9 Books We’re Reading Right Now

Photo: Courtesy of Amazon

Welcome to the Cut Book Club, a new monthly feature in which we talk about what we're reading — like a regular book club, but minus the bucketfuls of red wine. Our first list ranges from short stories to searing social commentary and includes not one but two books that have been described as "nerdy." (Which is nerdier? You decide!) Scroll down to see what we're reading this month, and let us know if you've also read any of them in the comments.

1. Fates and Furies by Lauren Groff 
"I've heard Fates and Furies described as a 'literary Gone Girl' and that's pretty accurate. Pros: It's a mysterious page-turner that easily shifts between hilarious and heartbreaking. Cons: It's unbearably overwritten in parts. Still better than most of the books I've read recently (sorry, Drinking and Tweeting)." —Jessica Roy, Senior Writer

2. Wrath of God: The Great Lisbon Earthquake of 1755 by Edward Paice
"I know, this is the nerdiest book possible, but it is fascinating — brings 18th-century Lisbon alive (I knew nothing about it, DID YOU?). Paice describes every detail of life in a bustling port, then lets you in on how it all comes crumbling down." —Mikki Halpin, Deputy Editor 

3. Just Mercy: A Story of Justice and Redemption by Bryan Stevenson
"To Kill a Mockingbird might be highly praised, but people forget that Tom Robinson, the black character wrongly accused of raping and beating Mayella Ewell, was never freed and was eventually lynched. Author Bryan Stevenson is a real-life Atticus Finch, but he actually saves people from the corrupt American criminal-justice system. He does so with incredible grace, substance, and clarity — I found this book incredibly moving." —Lindsay Peoples, Associate Market Editor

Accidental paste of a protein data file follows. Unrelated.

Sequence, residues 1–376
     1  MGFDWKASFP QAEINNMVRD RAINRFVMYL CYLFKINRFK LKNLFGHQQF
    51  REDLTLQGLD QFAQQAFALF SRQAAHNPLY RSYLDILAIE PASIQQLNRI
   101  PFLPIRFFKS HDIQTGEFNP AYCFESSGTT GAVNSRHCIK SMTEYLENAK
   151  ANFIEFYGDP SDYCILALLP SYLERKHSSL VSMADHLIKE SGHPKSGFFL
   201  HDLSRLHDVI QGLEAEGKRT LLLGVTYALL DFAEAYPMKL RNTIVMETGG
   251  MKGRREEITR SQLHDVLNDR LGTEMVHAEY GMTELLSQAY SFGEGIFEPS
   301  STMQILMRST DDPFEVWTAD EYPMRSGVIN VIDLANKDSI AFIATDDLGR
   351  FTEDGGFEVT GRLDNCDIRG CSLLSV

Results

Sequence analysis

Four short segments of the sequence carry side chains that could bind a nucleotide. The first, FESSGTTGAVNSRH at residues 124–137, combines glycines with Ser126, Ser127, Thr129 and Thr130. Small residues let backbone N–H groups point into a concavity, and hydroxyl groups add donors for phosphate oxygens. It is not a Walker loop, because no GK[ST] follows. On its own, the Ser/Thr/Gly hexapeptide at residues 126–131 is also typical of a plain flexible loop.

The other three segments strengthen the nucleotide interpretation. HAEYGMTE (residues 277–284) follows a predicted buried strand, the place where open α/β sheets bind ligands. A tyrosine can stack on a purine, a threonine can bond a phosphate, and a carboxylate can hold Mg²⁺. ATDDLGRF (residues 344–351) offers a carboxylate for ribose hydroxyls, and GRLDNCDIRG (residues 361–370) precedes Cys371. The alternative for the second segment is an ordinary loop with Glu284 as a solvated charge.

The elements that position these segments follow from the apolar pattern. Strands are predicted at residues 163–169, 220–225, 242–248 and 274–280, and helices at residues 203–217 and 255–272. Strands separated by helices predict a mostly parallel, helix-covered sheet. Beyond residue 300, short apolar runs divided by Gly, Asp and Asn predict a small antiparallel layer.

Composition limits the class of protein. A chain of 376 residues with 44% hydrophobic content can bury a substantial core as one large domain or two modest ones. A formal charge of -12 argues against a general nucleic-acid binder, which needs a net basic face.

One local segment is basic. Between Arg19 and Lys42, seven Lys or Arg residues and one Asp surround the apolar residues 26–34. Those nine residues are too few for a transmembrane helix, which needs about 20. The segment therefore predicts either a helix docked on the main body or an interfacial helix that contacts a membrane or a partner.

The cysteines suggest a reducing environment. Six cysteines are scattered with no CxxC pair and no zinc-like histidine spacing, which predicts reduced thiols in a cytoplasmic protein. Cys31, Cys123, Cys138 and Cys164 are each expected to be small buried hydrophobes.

4. The Clasp by Sloane Crosley
"The Clasp is a masterful story of friends struggling to fit together now that their lives haven't gone as planned, of how to separate the real from the fake." —Aude White, Public Relations Associate 

5. The Power Broker: Robert Moses and the Fall of New York by Robert A. Caro
"I like thinking about machinations and about New York. This has both! WAY more manageable length-wise than Caro's Johnson biographies, but still wins you major cred with dads." —Molly Fischer, Senior Editor

6. Between the World and Me by Ta-Nehisi Coates 
"Blessed by mama Toni Morrison’s words as 'required reading,' Between the World and Me is a breathtaking assessment of what it’s like to be black and live in America. Ta-Nehisi Coates speaks with a trenchant honesty that might make you uncomfortable — but that’s okay, and actually part of the point. As he explained to his son in the book: 'This is your country, that this is your body, and you must find some way to live within the all of it.'” —Ashley Weatherford, Associate Beauty Editor

7. Hild by Nicola Griffith 
"Hild was pitched to me as 'feminist Game of Thrones,' and that pitch is not wrong. It's long and nerdy and involves many descriptions of Dark Ages fashion, and I loved every word." —Izzy Grinspan, Senior Editor

Photo: Courtesy of Amazon

8. Barbara the Slut and Other People by Lauren Holmes
"Easy-to-like stories about subjects you'd encounter on the Cut — teenage girls, dogs, relationships, sex."  —Jen Gann, Senior Copy Editor 

9. White Teeth by Zadie Smith
"I love reading immigrant narratives, and Smith tackles cultural differences with a thoughtful sense of humor." —Leah Rodriguez, Producer